PN Review Print and Online Poetry Magazine
Most Read... Rebecca WattsThe Cult of the Noble Amateur
(PN Review 239)
Mark FordLetters And So It Goes
Letters from Young Mr Grace
(aka John Ashbery)

(PN Review 239)
Kei Millerthe Fat Black Woman
In Praise of the Fat Black Woman & Volume

(PN Review 241)
Henry Kingon Toby Martinez de las Rivas
(PN Review 244)
Eavan BolandA Lyric Voice at Bay
(PN Review 121)
Vahni CapildeoOn Judging Prizes, & Reading More than Six Really Good Books
(PN Review 237)
Next Issue Jen Schmitt on Ekphrasis Rachel Hadas on Text and Pandemic Kirsty Gunn Essaying two Jee Leong Koh Palinodes in the Voice of my Dead Father Maureen Mclane Correspondent Breeze
Poems Articles Interviews Reports Reviews Contributors
PNR 250 Poetry Archive Banner
Monthly Carcanet Books
PN Review Blog

This review is taken from PN Review 16, Volume 7 Number 2, November - December 1980.

HISTORY OF A VOICE Patricia Beer, Selected Poems (Hutchinson) £5.95

In a Radio 3 talk reproduced in Best of the Poetry Year 6 (ed. Dannie Abse, Robson Books, 1979), Patricia Beer makes clear her conviction that 'ideally there must be a connection that approaches identification between the voice of the poet when writing poetry and his natural speaking voice-a connection not so much of vocabulary and content as of rhythm, pitch and pronunciation. When the poet has a regional accent, as I have, this is particularly true.' Her own Selected Poems, which includes work from five collections, the first of them published in 1959, as well as seventeen new poems, bears this out admirably. They are evidence not only of an increasing clarification of themes but, inseparably, of a poet training and exploiting to great effect a highly individual voice: and the way in which the poems move forward and develop is an important source of energy as well as a specific point of interest. A Selected Poems can also reveal clearly a poet's recurrent themes: for instance, I was struck here by the number of poems linking water with death and, sometimes, salvation, from the early 'The Flood', to poems like 'The Baptism', 'Arms' and, in a different way, those about a water diviner in 'Driving West'. The eight poems included here from Ms Beer's first two collections, Loss of the Magyar (1959) and The Survivors (1963), also establish the poet's preoccupation with the eerie and with death-and they do so in a tone which is clear, natural ...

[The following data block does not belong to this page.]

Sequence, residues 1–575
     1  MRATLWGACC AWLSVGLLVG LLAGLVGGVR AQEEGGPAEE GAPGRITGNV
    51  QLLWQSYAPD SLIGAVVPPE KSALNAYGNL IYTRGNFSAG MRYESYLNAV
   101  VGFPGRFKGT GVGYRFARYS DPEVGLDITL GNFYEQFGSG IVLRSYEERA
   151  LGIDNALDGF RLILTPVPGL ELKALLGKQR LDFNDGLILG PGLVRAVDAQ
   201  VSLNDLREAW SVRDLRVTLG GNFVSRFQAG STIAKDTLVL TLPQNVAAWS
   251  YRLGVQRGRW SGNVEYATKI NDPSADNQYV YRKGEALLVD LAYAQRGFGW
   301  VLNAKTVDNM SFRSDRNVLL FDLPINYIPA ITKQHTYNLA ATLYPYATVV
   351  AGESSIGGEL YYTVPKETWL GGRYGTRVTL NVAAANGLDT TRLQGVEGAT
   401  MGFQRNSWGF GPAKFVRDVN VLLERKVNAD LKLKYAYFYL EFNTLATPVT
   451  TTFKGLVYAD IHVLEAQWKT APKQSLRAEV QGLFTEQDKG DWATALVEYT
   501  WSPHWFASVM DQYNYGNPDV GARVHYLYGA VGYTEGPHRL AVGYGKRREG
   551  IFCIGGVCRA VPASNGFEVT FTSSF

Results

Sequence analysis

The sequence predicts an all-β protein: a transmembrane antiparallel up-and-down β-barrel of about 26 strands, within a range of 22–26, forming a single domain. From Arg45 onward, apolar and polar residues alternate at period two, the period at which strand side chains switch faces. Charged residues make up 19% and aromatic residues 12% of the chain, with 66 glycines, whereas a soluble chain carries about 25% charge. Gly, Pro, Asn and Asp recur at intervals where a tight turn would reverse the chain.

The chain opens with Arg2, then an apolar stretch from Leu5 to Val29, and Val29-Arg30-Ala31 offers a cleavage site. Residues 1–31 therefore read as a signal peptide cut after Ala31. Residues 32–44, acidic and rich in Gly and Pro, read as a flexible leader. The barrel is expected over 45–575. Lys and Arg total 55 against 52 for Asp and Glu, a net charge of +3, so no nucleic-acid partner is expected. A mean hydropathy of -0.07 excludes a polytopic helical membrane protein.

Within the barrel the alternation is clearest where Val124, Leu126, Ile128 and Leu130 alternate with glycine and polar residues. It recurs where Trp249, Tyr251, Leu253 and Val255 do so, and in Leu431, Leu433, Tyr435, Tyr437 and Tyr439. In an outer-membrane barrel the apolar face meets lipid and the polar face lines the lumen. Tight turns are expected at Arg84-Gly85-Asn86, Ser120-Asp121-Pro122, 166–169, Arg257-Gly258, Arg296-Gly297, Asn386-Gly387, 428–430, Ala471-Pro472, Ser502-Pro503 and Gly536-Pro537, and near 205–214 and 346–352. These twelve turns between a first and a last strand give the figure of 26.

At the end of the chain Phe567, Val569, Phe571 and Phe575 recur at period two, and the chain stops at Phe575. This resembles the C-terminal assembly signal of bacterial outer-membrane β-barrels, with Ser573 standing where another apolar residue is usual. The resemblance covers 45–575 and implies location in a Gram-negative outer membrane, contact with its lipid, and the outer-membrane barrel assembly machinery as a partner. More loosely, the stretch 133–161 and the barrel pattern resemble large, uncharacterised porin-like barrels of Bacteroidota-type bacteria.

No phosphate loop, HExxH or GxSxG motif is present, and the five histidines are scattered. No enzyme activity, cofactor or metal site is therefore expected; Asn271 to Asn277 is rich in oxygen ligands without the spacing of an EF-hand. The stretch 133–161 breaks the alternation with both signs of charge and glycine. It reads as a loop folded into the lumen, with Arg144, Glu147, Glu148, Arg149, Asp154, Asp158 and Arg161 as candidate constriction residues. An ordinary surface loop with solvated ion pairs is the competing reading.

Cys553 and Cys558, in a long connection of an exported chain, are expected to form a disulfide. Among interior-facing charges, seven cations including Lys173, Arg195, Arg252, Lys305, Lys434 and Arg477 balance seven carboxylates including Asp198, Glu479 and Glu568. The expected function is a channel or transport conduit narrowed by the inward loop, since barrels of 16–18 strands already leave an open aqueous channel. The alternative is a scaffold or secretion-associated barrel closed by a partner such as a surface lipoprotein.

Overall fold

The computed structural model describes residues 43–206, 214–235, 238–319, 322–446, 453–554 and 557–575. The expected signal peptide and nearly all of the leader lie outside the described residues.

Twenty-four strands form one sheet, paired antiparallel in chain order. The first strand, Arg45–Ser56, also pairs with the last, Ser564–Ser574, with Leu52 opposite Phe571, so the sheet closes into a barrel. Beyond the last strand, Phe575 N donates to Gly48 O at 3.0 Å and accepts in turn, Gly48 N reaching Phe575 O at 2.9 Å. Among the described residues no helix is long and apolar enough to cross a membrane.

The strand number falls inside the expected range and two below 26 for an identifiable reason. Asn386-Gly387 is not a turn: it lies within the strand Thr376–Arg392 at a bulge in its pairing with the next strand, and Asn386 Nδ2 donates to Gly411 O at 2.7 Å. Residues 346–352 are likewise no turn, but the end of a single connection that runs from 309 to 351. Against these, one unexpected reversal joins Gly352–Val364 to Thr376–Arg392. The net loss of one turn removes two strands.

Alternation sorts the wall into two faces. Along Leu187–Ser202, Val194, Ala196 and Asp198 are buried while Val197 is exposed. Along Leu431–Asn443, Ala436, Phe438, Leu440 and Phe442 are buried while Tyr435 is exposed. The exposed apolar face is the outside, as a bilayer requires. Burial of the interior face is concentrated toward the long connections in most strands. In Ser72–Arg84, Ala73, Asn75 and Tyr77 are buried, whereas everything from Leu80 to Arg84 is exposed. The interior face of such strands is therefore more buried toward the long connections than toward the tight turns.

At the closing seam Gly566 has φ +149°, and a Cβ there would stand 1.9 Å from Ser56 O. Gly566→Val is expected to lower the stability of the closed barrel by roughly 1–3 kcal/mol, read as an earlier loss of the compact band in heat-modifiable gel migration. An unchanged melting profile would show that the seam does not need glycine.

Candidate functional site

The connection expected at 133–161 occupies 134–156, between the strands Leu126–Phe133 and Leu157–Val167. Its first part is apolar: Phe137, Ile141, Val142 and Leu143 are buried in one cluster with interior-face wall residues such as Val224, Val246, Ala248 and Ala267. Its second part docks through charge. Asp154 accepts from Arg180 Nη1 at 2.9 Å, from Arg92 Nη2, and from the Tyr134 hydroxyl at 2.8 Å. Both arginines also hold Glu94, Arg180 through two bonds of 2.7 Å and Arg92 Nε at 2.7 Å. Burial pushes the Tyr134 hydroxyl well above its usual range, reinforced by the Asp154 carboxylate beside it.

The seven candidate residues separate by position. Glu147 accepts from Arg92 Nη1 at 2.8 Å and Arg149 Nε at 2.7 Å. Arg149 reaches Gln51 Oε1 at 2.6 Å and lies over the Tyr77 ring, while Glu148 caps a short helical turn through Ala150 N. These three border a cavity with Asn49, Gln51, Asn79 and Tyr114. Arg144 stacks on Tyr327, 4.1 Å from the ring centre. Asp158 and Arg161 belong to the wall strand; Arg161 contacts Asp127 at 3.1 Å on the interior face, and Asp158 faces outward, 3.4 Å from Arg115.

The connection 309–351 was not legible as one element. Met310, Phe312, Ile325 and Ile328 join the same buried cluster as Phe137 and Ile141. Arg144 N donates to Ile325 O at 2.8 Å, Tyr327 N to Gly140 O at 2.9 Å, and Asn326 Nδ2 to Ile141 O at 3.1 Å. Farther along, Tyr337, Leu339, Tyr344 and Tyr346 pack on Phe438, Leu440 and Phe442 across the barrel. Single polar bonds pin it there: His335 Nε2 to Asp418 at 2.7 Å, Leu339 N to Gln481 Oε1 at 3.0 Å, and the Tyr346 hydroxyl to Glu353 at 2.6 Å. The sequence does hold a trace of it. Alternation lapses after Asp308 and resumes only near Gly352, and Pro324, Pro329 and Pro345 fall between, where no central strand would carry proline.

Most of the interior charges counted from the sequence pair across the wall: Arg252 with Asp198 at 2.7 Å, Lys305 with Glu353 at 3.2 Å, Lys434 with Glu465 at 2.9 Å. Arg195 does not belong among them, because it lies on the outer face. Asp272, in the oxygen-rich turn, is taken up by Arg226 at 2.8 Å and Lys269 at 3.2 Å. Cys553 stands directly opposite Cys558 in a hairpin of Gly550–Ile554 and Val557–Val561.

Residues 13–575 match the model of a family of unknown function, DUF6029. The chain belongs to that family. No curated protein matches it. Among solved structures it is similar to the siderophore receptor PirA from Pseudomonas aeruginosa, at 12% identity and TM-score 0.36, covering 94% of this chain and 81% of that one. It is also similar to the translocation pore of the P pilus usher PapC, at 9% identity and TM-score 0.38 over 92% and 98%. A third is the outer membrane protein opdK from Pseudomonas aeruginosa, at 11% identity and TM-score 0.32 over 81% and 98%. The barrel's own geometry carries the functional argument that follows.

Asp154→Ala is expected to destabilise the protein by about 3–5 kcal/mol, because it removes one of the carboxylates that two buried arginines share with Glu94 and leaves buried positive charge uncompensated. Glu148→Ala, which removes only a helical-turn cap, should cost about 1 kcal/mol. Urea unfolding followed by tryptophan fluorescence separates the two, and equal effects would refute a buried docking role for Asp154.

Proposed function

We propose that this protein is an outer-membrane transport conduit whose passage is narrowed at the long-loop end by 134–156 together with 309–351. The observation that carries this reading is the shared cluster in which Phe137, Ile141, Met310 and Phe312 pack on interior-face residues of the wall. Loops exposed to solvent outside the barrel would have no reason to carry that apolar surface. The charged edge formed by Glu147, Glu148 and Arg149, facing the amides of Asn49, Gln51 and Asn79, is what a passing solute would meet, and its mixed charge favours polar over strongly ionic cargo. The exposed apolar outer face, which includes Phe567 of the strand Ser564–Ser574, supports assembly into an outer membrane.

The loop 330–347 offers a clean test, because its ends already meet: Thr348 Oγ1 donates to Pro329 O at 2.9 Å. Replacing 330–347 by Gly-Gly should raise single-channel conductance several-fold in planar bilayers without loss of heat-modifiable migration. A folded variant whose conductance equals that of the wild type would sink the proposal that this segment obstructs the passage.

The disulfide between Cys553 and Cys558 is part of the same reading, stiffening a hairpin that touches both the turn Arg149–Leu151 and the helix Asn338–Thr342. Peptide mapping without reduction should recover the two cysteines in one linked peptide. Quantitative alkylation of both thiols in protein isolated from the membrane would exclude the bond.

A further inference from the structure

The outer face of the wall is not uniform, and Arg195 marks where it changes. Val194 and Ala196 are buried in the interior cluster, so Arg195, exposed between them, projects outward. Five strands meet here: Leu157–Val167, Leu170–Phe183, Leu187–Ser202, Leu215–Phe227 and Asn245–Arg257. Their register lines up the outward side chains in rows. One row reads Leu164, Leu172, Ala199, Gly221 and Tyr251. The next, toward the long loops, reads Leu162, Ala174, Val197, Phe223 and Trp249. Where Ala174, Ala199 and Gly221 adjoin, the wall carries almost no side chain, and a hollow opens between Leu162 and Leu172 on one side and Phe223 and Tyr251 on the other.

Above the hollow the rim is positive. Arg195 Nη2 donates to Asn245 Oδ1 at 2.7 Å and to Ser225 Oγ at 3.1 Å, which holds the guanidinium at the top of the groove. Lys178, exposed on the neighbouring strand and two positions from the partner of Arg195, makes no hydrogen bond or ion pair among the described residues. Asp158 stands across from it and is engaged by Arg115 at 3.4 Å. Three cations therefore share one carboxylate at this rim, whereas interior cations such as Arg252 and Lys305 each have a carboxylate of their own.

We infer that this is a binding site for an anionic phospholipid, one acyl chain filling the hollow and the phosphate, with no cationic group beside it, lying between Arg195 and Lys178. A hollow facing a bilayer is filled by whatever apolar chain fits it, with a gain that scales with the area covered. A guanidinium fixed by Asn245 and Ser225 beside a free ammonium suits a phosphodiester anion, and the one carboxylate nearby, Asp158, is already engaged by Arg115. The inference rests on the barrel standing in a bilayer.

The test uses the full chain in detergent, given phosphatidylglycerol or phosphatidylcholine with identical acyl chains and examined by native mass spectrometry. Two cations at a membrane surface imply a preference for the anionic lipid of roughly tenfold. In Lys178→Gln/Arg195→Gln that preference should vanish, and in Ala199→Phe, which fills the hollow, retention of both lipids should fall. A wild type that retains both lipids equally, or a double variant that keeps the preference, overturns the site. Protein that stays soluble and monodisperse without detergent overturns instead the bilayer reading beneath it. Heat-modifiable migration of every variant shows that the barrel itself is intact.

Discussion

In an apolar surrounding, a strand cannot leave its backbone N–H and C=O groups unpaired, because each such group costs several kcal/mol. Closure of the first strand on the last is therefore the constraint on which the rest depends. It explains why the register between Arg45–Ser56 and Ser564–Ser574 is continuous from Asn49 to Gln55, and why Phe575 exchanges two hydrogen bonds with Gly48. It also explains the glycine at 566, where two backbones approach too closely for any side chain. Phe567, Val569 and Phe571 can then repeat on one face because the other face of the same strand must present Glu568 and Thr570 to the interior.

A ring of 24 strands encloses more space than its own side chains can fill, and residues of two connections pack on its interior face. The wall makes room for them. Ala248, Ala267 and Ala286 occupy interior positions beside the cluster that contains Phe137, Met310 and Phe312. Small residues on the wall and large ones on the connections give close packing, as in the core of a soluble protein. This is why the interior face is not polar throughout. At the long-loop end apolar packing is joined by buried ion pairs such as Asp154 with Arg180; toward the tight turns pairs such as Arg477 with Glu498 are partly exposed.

Searching, please wait... animated waiting image